"The way we structured some things, we wanted to see a little bit more work from the corners. I thought we ran downhill from the safety position. They were around the ball all day, Harrison (Smith) and Jamoris Slaughter. I just think, again, from my standpoint, we'll look at the film today, but it'll be more about the individual match ups, how they did getting off blocks and things of that nature. We didn't set it up so anybody would have a banner today day."

A quick review of my game notes shows Darrin Walls beaten by Michael Floyd on a deep post and Tai-ler Jones for an 18-yard corner route touchdown; Robert Blanton faring better, breaking up a pass for Barry Gallup and dropping Rudolph for no gain on an out-route; and Gary Gray picking off a (tipped) pass while making a TD-saving ankle tackle vs. Jonas Gray in the open field.

Slaughter was perhaps the most impressive DB in our viewing throughout the spring, breaking up two Montana deep passes (though one should be considered a dropped interception vs. an ill-advised throw) in the Blue Gold game and showing the ability to close vs. short completions in the friendly confines of the LaBar Practice Complex.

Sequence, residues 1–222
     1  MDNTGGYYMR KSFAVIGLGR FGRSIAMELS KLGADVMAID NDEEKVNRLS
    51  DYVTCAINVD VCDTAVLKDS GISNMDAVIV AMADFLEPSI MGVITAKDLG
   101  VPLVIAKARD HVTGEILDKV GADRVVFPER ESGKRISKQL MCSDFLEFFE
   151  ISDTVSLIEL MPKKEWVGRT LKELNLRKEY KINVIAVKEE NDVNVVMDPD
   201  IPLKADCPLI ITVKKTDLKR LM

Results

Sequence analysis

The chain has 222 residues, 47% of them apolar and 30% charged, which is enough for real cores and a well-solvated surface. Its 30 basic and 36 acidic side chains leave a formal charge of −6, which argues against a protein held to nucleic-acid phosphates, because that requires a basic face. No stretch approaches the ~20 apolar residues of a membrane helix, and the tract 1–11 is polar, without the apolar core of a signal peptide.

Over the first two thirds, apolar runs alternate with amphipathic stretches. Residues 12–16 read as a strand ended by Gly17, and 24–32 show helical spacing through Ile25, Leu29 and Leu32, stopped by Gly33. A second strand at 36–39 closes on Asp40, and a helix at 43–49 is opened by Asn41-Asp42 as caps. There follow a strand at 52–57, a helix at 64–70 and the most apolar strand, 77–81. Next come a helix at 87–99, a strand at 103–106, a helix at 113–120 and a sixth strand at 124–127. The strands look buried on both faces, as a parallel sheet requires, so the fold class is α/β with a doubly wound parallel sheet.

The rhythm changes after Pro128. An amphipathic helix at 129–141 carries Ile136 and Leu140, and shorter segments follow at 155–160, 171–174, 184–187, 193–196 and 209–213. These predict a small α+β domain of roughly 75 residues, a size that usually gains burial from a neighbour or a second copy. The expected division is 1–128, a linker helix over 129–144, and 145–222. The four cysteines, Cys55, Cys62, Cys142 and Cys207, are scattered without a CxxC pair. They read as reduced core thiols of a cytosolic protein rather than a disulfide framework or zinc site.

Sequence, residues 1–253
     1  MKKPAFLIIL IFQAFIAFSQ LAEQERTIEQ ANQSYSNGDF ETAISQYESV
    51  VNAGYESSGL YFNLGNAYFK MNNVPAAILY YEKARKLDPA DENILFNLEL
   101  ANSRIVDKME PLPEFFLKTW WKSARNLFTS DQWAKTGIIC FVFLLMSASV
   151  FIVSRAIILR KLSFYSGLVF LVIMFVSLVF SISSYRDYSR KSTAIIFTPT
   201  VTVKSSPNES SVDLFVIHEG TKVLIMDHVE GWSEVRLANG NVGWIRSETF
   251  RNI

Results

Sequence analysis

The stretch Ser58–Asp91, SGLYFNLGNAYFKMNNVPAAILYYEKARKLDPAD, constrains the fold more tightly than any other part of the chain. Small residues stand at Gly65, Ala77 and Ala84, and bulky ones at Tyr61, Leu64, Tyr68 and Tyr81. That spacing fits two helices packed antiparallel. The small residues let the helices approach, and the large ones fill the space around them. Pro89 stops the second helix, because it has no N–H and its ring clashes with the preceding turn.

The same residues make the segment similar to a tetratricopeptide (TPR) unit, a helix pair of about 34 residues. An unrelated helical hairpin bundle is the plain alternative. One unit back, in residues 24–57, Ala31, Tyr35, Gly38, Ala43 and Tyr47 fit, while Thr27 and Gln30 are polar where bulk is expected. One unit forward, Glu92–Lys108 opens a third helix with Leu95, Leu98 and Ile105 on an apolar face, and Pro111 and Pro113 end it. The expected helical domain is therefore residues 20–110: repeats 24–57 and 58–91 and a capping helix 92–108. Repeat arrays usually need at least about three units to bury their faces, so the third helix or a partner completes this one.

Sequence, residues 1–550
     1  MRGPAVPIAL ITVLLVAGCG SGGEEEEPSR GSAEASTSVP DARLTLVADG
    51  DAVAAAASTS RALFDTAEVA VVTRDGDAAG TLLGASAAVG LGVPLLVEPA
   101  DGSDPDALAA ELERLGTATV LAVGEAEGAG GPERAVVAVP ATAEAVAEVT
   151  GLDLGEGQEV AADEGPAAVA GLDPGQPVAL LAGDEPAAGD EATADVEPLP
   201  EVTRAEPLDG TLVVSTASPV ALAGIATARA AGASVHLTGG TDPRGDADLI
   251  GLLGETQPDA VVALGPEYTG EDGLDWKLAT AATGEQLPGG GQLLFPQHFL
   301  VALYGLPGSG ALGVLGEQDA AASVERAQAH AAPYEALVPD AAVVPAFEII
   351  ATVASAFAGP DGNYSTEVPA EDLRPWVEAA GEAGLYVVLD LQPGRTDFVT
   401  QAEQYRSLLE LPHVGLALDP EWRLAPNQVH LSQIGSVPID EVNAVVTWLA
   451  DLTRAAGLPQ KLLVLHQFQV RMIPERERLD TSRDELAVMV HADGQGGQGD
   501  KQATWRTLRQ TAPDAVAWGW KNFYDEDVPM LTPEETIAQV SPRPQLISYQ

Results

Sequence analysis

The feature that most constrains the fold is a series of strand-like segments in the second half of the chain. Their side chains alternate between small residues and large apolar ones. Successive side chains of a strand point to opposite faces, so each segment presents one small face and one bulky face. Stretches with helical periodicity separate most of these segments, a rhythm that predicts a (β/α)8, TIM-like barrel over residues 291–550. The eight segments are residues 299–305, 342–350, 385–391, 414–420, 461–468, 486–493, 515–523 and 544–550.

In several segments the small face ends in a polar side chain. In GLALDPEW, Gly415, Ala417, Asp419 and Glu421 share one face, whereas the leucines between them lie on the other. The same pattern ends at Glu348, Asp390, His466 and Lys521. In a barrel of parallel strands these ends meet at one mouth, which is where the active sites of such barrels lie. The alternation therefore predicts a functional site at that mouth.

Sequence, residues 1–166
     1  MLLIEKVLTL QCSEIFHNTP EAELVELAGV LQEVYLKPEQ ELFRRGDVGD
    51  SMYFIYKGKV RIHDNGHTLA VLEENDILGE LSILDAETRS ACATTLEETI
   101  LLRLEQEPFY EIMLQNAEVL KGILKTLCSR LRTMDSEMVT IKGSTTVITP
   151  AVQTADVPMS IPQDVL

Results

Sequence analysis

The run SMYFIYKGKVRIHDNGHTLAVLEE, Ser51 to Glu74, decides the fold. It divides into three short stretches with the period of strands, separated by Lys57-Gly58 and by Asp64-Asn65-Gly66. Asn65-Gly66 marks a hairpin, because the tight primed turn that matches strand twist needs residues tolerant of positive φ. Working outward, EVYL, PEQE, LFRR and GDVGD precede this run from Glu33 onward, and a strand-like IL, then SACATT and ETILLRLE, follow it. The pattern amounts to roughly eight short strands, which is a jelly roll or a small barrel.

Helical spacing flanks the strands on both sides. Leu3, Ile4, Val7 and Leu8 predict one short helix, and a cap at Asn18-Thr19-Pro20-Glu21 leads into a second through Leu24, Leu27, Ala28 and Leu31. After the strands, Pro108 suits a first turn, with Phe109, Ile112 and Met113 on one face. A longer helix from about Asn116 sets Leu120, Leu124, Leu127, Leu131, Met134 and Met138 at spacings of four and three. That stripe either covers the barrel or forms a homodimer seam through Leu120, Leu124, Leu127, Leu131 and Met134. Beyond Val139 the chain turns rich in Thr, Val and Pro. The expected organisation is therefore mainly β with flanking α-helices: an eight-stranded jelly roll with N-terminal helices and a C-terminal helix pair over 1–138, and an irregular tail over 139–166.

Zeke Motta can hit and if used expertly, will be a fan favorite due to his short zone coverage (down field efforts by Motta are less certain). Smith appears more comfortable near the line (and out of his free safety/defensive quarterback role) while Dan McCarthy brings the toughness Kelly demands.

But to be blunt, any evaluation of the 2010 Irish secondary is merely internet fodder until Purdue lines up for a live series next September. The group just has too much to improve upon after last year's debacle.

(For recent reviews of both the Safety and Cornerback units, click the links below):



Hope Not Entirely Misplaced

The defense was consistently referred to as "ahead of the offense" during the 15-practice spring (little can be gleaned from the unit's hamstrung Blue Gold effort). Not since the 2002 season has the defense carried the program (neither the O nor the D "carried" anything in '03-04). And it's unlikely to do so again next fall.

Coach Kelly likes the unit's backline tackling ability (a major weakness in '09) and noted the overall pass coverage appears improved. From an outsider's perspective, the starting D-Line personnel should be the program's best since the Laws/Landri/Abiamiri grouping of '06 (if they approach that level of play, Notre Dame's defense will remain ahead of its offense and, more importantly, its opponents' collective offenses throughout the fall).